Mystical Rebirth to Life (part 1)

A couple of weeks ago I participated in a presentation on The Spirit of Life by Moltmann. This was an interesting task for me because one, this book is probably among the most significant book on the Holy Spirit in our era. Two, because I had done an overview of Spirit of Life back in 2000 (and adapted it for an Amazon review), so it was interesting to revisit it.

I didn’t present on the whole book, just four chapters in the middle of the book, pages 144-213.

Here’s what I had to say, in easily digestible chunks.

God works so that what was broken can be restored to wholeness, to whole life. That is the hope we have in and with God, that is the work of the Holy Spirit in moving us past the place of injustice and brokenness into a more fully realized existence. There are two perspectives worth considering in this work of the Spirit. These are the focus of chapter seven of Spirit of Life. Moltmann enquires about “the human experience of the Spirit and about the divine experience of the Spirit in this human experience of the self” (144ff).\

This idea of regeneration is important not only to keep the theological discussion going beyond a settled moment of apparent completion, but because the Scriptures themselves point to the idea of regeneration as part an absolutely key part of the mission of Jesus. He died, and in that death took on suffering, but his suffering and death was not the end. We do not have hope simply because Jesus knew what it was like to suffer our suffering, share our death cries, mourn over the injustices and loss. We have hope because in Jesus we do not only share suffering, but we see that there is more than suffering. Our suffering is not the end. Jesus was resurrected. On the other side of the cross there is life, and this restorative life is the continuing work of the Triune God. The Holy Spirit who was the source of Christ’s birth, was the vivifying power of life in the tomb.

Moltmann writes, “The medium of regeneration is the Holy Spirit, which is ‘richly’ poured out.” To understand Moltmann’s contribution here it is important to briefly consider what has been meant by the idea of Spirit in previous scholarship. While we might find agreement and see continuity between such statements and earlier statements about the Spirit in the work of human progress, the very word Spirit is not used the same way in every context. In the context of German Idealism, which formed the philosophical milieu of German scholarship, the idea of Spirit was not inferring the third person of the Trinity, but rather more of a generalized human potentiality. It is, essentially, a very positive perspective on the topic of human moral progression. The idea of the spirit is the figure of this idealist goal (see pg. 6 for Barth’s response). Moltmann is not arguing for an idealist perspective on the Spirit, with its very positive sense of humanity’s self-movement to a higher plane of existence. This idea became untenable after WWI, and entirely indefensible after the concentration camps of WW2.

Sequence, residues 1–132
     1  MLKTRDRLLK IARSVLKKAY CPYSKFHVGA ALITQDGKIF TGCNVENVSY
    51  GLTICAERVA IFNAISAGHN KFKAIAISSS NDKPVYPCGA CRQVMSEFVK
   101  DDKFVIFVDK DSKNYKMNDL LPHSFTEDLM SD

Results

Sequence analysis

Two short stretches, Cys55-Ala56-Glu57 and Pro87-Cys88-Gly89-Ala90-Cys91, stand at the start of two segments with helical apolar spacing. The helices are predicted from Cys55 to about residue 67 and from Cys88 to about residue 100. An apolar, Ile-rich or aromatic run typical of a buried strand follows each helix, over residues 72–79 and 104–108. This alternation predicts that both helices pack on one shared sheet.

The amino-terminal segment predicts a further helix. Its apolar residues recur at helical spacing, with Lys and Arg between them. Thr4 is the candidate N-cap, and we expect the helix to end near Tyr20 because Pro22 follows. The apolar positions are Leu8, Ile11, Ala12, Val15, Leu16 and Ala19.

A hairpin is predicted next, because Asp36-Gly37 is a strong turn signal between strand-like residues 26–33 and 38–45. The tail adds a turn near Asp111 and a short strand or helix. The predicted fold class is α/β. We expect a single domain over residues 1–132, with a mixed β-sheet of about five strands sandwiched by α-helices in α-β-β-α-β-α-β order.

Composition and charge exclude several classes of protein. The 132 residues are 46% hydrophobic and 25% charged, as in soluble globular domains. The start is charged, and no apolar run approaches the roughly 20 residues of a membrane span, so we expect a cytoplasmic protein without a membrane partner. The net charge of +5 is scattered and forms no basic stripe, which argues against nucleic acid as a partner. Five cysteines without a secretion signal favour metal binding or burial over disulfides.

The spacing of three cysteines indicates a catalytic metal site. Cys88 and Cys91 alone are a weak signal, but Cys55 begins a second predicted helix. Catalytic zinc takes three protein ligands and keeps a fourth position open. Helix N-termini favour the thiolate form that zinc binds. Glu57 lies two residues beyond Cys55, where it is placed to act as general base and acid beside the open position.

Moltmann, as he always does, strongly asserts the active work of God, reaching out to a broken, death-oriented humanity. In his very brief consideration of the Scriptural discussions of rebirth, he concludes that new birth is a work of new creation that is “christologically based, pneumatologically accomplished and eschatologically oriented. The Spirit is the medium of these elements who makes the risen Christ present, and with this the experience of “the presence of eternity.” Regeneration, for Moltmann, is not then simply a moral progression or ecclesial activity. Rather, “regeneration means emerging from this mortal and transient life into life that is immortal and eternal” (147) In the power of the Spirit we enter into the eternal reality of Christ’s resurrection that is both a future and present promise to us in the midst of our own experiences. This eternal experience includes the eternal love of God that has been poured into our hearts ‘through the Holy Spirit” (148).

This is a progression, but one that derives from the work of God for us and with us, rather than our own self-propelled progression, enabled by reason, towards some ideal. The idea of the Spirit is not an internalized Pietism nor is it an over-optimistic anthropology dressed in spiritualized language. Towards the end of his life, Karl Barth suggested that pneumatology was the next, needed step for fruitful theological consideration. But, Barth worried that future scholars would seem to move on to the third article but never really move past the topic of humanity. “As if,” writes Barth, “pneumatology were anthropology!” Moltmann, a well-informed Theban, moves towards developing an understanding of the Holy Spirit without devolving the discussion towards anthropology. He gives the work of resurrection its “due weight” and seeks after a more holistic perspective on God’s being and work in this world (149).

Barth started the turn away from idealism in making the significant move of pushing theology out of prioritizing anthropology (150) through his magisterial considerations on the work of Christ. Moltmann presses on in this move, emphasizing Christ but not limiting the work of God to the work of Christ. “Life in the Spirit,” he writes, “is not absorbed by, or completely congruent with, the mere knowledge and acknowledgment of Christ.” (151) A perspective that only looks at the cross leaves out the continuing reality of eschatology and in doing that does not progress to a fully Triune perspective.

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